Asia as the laboratory of the superior responsibility doctrine
Trials for international crimes in Asia
Cambridge : Cambridge University Press, 2016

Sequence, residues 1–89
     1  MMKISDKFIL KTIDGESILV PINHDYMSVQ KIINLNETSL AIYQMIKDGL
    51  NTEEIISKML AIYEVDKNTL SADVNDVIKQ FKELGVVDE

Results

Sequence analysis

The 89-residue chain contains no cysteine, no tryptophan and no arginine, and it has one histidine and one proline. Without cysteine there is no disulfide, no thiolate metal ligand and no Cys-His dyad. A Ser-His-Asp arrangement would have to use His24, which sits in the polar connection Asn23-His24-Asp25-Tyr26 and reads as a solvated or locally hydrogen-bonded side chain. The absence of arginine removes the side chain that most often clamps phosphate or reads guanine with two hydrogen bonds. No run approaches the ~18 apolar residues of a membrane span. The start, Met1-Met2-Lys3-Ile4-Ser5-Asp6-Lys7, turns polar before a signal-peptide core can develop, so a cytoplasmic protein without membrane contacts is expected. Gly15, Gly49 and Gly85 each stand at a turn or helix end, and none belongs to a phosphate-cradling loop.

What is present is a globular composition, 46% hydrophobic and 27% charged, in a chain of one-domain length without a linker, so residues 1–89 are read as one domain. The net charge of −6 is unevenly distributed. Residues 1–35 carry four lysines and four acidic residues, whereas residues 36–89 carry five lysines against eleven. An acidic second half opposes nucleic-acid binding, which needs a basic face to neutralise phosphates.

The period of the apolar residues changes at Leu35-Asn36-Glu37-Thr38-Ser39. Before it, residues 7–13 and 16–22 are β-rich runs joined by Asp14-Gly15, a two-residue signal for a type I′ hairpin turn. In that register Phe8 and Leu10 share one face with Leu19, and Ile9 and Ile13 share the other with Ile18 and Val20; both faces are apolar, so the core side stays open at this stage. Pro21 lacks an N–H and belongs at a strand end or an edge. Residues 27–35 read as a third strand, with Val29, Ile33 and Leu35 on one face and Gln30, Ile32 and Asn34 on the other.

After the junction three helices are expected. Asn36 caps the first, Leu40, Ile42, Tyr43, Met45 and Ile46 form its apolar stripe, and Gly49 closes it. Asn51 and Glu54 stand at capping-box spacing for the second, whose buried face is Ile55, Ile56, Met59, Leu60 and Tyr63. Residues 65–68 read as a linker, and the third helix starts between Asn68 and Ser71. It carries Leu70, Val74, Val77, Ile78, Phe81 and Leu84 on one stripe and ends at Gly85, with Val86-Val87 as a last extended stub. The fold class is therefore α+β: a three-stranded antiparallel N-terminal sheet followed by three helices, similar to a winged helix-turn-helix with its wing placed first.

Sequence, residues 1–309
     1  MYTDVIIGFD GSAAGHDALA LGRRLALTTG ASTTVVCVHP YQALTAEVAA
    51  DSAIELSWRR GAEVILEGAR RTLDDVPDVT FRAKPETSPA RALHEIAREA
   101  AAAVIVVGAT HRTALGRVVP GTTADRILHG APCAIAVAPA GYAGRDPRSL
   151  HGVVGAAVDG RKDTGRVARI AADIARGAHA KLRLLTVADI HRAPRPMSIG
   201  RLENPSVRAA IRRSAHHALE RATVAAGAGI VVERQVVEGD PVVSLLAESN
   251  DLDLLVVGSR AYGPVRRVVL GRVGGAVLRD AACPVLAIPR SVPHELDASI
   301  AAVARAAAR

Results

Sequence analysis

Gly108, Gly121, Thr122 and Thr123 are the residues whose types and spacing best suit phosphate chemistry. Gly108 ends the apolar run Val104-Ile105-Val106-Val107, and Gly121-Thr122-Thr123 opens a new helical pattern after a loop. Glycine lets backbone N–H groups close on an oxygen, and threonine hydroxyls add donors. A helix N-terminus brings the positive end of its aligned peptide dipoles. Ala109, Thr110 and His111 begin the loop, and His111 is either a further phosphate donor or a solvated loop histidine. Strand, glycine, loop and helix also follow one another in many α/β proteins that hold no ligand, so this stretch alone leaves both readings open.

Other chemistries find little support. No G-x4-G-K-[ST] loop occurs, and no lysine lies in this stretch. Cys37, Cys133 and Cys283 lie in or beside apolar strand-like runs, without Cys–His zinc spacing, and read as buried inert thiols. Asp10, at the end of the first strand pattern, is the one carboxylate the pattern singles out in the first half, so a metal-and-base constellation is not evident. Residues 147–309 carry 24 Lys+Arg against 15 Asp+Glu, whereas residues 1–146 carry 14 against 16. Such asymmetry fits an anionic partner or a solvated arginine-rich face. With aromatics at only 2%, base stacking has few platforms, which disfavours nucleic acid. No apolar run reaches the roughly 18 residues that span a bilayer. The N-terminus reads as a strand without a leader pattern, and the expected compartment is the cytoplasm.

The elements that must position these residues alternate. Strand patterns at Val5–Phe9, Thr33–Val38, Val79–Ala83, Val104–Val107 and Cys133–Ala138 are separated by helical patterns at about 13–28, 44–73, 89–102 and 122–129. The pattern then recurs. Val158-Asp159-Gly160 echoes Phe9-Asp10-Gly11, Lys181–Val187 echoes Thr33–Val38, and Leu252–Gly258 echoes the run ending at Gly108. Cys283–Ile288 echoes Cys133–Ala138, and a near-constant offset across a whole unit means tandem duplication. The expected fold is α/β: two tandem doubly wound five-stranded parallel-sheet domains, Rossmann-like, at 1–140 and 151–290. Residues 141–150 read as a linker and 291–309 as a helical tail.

This chapter, which examines the development of superior responsibility since the Second World War, shows that the doctrine has largely emerged out of trials convened in Asia and dealing with wars that have taken place in Asia. Beginning with Yamashita, it shows how superior responsibility was extended to civilian leaders at the Tokyo Tribunal, clarified in the subsequent Toyoda trial, and, after the Vietnam War, refined by 1977's Additional Protocol I to the 1949 Geneva Conventions. More recently, the Extraordinary Chambers in the Courts of Cambodia (ECCC) has applied superior responsibility to former leaders of the Khmer Rouge. Given that the doctrine was announced, refined and crystallised into its current form in Asia, the chapter concludes with some thoughts as to why the region has served as a laboratory for this important idea.
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